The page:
That means the Pebble’s notifications display now works with Apple iOS devices just as well as it works with Android devices, which have always been able to share notifications from third-party apps with the smartwatch.

 

Another improvement with the new iOS app is that for the first time it enables Bluetooth Low Energy (LE) support, which has always been available in the Pebble hardware but so far hasn’t been used. Major firmware updates and other data-heavy functions will still be sent over classic Bluetooth, but notifications will be pushed to the Pebble via Bluetooth LE from devices that support it, which should help conserve battery power on both the Pebble and the associated device.

 

Microsoft Australia Concerned About Turnbull’s NBN

 

Microsoft Australia’s managing director has voiced concerns over the fibre to the node strategy currently being considered by Communications Minister Malcolm Turnbull, revealing that it is lobbying the government over the plan.

 

Speaking at a CEDA Event in Sydney, Microsoft’s Australian MD Pip Marlow said that fibre to the home would be superior for upload speeds over the current fibre to the node (FttN) system.

 

She added that Microsoft Australia is currently lobbying the government to try and understand how people will be using the FttN system in the long run.

 

Googlers say “Screw you” to NSA, company encrypts internal network

 

Google has started to encrypt its traffic between its data centers, effectively halting the broad surveillance of its inner workings by the joint National Security Agency-GCHQ program known asMUSCULAR. The move turns off a giant source of information to the two agencies, which at one point accounted for nearly a third of the NSA’s daily data intake for its primary intelligence analysis database—at least for now.

 

Yesterday, the Washington Post shared additional slides produced by the NSA on the MUSCULAR program, which tapped into the fiber-optic networks carrying traffic to and from Google’s and Yahoo’s overseas data centers. The slides indicated that data from the networks frequently reached the daily intelligence briefing provided to President Barack Obama. They cited the joint operation with GHCQ as the fifteenth-largest source of intelligence data for those briefings.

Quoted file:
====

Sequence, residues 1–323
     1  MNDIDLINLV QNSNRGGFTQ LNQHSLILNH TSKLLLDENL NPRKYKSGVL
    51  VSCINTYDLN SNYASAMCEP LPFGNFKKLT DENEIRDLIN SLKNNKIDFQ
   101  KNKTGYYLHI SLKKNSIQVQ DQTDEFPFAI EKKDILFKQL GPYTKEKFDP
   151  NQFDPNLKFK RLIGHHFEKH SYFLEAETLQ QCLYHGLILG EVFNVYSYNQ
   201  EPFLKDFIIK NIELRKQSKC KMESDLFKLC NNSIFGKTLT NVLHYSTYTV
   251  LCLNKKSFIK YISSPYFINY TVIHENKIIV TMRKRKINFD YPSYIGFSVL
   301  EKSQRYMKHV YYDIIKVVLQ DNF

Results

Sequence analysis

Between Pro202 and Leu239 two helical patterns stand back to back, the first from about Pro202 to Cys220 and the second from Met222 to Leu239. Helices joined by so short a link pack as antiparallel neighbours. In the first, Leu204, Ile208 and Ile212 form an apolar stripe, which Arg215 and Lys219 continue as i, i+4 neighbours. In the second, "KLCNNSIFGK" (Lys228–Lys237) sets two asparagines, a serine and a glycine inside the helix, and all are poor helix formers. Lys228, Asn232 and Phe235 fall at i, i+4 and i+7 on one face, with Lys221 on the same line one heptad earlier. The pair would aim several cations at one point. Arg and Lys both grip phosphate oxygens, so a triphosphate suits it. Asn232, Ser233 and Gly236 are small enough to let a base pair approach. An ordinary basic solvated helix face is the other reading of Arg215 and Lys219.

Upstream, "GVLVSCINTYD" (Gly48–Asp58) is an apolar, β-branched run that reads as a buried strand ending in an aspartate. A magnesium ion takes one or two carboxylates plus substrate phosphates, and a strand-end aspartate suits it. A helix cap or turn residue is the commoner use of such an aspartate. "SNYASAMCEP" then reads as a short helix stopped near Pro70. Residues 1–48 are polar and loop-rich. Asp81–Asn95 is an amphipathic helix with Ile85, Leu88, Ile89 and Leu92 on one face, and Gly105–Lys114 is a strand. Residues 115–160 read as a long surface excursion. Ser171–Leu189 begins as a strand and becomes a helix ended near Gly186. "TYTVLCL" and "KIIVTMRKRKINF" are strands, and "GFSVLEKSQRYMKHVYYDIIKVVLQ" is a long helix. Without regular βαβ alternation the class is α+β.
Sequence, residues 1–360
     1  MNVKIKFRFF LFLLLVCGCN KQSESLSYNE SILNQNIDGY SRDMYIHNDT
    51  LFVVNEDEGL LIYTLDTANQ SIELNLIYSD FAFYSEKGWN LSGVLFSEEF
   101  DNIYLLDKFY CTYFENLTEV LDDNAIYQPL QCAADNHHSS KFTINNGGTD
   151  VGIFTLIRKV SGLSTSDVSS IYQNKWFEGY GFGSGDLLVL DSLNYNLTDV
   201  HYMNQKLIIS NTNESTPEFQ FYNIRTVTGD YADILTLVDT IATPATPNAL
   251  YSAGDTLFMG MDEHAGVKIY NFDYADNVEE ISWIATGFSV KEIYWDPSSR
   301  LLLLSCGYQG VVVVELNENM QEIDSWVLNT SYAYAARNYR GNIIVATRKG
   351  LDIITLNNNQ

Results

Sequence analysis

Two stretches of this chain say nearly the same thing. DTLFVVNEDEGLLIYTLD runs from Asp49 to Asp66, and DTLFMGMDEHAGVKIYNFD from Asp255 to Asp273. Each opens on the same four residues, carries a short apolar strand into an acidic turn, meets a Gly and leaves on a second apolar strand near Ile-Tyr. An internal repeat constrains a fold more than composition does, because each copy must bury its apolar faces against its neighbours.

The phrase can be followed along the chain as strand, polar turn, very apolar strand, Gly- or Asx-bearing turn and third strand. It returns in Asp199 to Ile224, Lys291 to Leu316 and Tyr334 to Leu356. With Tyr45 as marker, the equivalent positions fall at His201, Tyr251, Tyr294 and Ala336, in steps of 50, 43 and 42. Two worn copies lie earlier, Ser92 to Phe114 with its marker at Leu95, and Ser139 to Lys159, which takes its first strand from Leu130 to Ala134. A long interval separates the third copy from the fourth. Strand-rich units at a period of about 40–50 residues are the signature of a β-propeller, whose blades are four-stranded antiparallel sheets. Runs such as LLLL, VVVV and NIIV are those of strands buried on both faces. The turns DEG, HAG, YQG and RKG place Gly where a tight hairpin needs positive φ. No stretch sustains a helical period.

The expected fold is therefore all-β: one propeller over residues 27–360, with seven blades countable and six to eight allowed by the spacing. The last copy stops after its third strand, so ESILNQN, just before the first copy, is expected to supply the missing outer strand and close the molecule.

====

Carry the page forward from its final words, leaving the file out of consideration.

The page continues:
The slides also revealed that the NSA obtained an intimate understanding of the internal operations of these networks, which suggests it either launched a significant reverse-engineering operation to pry apart Google’s and Yahoo’s secrets or it obtained this information from people who worked for the two companies (maybe even some combination of the two). Either way, the effort amounts to a major intelligence operation to discover the trade secrets of two major American companies.

 

YouTube Starts Rolling Out Its New Commenting System Based On Google+

 

In September, YouTubeannounced that it would soon roll out a new commenting system powered by Google+. After testing it on channel discussion tabs for a few weeks, it’s nowstarting to roll it out to all videos on the site.

 

Given the size of YouTube, this roll-out will start this week, but it will take some time before it is fully effective. Until then, you may see both systems on the site, depending on which video you are watching.

 

It’s no secret that YouTube comments aren’t exactly a hotbed forsmart conversations, so the company hopes that this change will increase the quality of comments by putting the emphasis on conversations and not on one-off comments. The idea here, YouTube says, is to ensure that “YouTube comments will become conversations that matter to you.”

 

Instead of organizing comments by chronology, YouTube will now rank them by relevancy, taking into account who wrote a comment, +1s, the number of replies and other signals to surface the best comments. Updates from the video’s creator or comment threads they participate in, as well as updates from people in your Google+ circles, will also rank highly. Users who prefer the old way can still switch from the “Top Comments” view to “Newest First.”

 

To comment, YouTube users have toconnect their accounts to a Google+ page or profile, however. By allowing users to connect their accounts to Google+ pages, they’ll still be able to use the service without using their real names, though for the majority of users, that’s probably an extra step they won’t take. In total, though, four out of five people have already connected their YouTube channels to their Google+ accounts, Google tells me.

 

For video creators, the Google+ commenting system introduces better ways to moderate comments. They can now block certain words, auto-approve comments from certain fans (based on the circles they are in) and still review comments before they are posted.